Belfry Theatre’s A Christmas Carol is better than ever

REVIEW

What: A Christmas Carol

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Where: Belfry Theatre

When: To Dec. 20

Rating: five (out of five)

 

 

When the Belfry Theatre staged Charles Dickens’ A Christmas Carol in 2012, it was an impressive production.

Now it’s back, and the adaptation, a visual feast employing some of the same cast, seems better than ever.

Much credit goes to returning star Tom McBeath, whose Scrooge is just the sort of miser a modern audience can appreciate. He’s still a Victorian-era villain ripe for redemption, yet McBeath makes the character a real human, too.

Also key to the show’s success is Michael Shamata’s strong direction and unified concept (he wrote the adaptation). The show is well acted and beautifully lit, and the costumes and set are superb. And the red-haired youngster playing Tiny Tim is cuter than Shirley Temple on Christmas Day. Simply put, if you don’t like this A Christmas Carol, you’re a real Grinch.

McBeath (resembling Neil Young with his spectacular mutton-chops) is determined that his Scrooge avoid caricature or cliché. His performance at Wednesday’s preview embraced a certain naturalism, reflecting a genuine interest in serving the play. Because Scrooge is such an over-the-top baddie, there’s plenty of opportunity for winking asides and easy laughs. McBeath resists all such temptation and, as a result, the audience enjoys a superior offering.

The other lynchpin is Gerry Mackay, returning as Jacob Marley and the three ghosts. His Marley is no clanking, moaning blowhard — he’s a dynamo. He scolds Scrooge like an enraged pirate, seething with emotion. When he stalks the stage with his chains, one imagines Marley is resisting the urge to flog sense into his old partner.

It’s a whopping cast of 14, so giving every performer credit is impossible. Among the notables is Amanda Lisman. In the affecting scene in which Belle breaks her engagement with Scrooge, Lisman’s acting style suggested an old-fashioned romanticism. Yet far from seeming stodgy or stiff, it worked wonderfully well.

Shamata has directed A Christmas Carol a number of times. It shows — he oversees it with great confidence, from the merest detail to broad strokes. Watching this two-hour (with intermission) production is like experiencing a symphony. There are markedly different movements, as Scrooge meets ghosts of Christmas past, present and future. There are fast and slow passages, crescendos and decrescendos.

One moment, we see a festive, brightly lit, well-choreographed party scene. Elsewhere we encounter Scrooge, alone in a darkened room. He’s forgotten his match, so he exits unhurriedly, returns with one and lights a single candle. Such contrasts are navigated with great skill.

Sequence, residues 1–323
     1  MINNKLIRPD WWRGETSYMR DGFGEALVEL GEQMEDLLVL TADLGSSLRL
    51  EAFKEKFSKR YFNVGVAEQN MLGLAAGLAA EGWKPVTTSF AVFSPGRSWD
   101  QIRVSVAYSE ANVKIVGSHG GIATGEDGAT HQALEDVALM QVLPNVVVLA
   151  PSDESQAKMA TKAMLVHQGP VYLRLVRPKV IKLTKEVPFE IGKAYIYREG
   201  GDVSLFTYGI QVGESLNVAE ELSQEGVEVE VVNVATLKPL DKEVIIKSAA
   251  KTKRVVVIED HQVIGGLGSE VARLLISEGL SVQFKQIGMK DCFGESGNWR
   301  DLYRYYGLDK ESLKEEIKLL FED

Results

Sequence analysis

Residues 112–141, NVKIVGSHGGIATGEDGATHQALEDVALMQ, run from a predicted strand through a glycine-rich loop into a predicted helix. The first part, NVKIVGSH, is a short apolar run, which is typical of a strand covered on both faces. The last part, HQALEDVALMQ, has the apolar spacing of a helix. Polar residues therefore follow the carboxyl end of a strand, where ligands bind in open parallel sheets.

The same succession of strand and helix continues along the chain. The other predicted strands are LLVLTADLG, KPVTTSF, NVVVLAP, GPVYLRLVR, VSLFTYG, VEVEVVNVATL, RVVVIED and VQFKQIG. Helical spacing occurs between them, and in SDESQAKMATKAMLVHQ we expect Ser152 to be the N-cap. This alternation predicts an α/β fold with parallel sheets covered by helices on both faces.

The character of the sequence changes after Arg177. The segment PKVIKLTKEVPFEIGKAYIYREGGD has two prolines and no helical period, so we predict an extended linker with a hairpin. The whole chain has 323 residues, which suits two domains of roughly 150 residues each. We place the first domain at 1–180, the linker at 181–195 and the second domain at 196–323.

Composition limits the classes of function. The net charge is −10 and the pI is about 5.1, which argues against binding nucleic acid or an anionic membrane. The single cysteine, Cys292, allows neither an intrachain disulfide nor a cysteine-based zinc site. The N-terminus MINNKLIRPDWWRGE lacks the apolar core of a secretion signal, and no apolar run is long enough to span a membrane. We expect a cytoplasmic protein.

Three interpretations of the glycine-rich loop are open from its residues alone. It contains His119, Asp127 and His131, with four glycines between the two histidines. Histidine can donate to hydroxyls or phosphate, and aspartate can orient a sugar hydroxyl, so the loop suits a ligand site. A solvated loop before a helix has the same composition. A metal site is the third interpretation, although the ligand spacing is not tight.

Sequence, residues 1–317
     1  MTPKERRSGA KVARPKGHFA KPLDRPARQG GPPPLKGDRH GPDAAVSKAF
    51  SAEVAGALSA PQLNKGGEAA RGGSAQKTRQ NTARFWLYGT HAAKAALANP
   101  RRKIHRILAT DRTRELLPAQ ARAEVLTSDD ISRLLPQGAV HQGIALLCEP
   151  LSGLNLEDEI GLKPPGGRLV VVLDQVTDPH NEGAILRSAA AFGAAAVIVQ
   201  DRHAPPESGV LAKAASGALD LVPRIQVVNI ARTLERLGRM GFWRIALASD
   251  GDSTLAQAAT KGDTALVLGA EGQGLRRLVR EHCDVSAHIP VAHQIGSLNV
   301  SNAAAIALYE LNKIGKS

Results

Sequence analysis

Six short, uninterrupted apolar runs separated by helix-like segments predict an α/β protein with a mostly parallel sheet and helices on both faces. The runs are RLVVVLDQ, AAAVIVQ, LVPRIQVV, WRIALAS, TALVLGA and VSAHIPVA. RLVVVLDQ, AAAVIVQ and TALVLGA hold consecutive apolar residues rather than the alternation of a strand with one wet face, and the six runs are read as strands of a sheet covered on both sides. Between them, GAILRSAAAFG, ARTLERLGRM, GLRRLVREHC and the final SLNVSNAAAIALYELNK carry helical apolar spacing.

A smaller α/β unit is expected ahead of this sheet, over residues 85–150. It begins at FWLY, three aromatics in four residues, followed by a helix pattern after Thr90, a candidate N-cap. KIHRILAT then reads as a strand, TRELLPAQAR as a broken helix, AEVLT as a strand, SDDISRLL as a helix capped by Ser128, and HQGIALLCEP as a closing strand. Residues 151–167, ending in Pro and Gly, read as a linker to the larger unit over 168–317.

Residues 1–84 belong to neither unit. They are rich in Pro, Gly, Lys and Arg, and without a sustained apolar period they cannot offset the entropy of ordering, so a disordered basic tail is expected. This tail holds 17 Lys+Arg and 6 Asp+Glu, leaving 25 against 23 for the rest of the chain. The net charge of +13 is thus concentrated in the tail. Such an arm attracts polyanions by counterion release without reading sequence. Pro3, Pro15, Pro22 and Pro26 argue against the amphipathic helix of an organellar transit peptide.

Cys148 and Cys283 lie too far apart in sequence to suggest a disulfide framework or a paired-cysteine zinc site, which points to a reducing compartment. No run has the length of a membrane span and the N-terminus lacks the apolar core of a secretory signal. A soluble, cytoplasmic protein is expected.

There are jolly, joyous sequences, some especially benefiting from Brian Linds, a good comic actor, as Mr. Fezziwig. At the same time, Shamata and company never forget this is a ghost story. This show is downright spooky. When lightning and thunderclaps punctuated key scenes, the woman in front of me exclaimed in fright. She recovered sufficiently to croon “Awww!” when Tiny Tim —the adorable Kyle Atlas Stahl — uttered his “God bless us everyone” line.

The designers (costumes by Nancy Bryant, set by John Ferguson, lights by Alan Brodie) do an exemplary job. The creativity and attention to detail is typified by Scrooge’s encounter with his own tombstone. It’s suggested by projecting just the inscription on the doorway and Scrooge’s own back. A lovely theatrical touch.

Modern in sensibility when it needs to be, Christmas Carol is still an old-fashioned Christmas entertainment. The overall look is superb. Period costumes, in earth-tones and pastels, are gorgeous and beautifully detailed (there are 1,500 costume pieces in the show). The main set piece, which never leaves the stage, is a classical stone doorway, with a Roman-numeral clock on top. This imposing edifice is often low-lit in an atmospheric, very Victorian way, flanked by wafts of fog.

The pace does slow in one scene where the deceased Tiny Tim is laid out on a black coffin. His family’s lugubrious hand-wringing seems to go on forever. I began to wish they’d bury the unfortunate child and be done with it. It’s a quibble, though.

This is a fine show. If you go, it will almost certainly be the best Christmas entertainment you see this season. And, of course, Dickens’ message — the need for charity and generosity — is as relevant today as ever.

achamberlain@timescolonist.com

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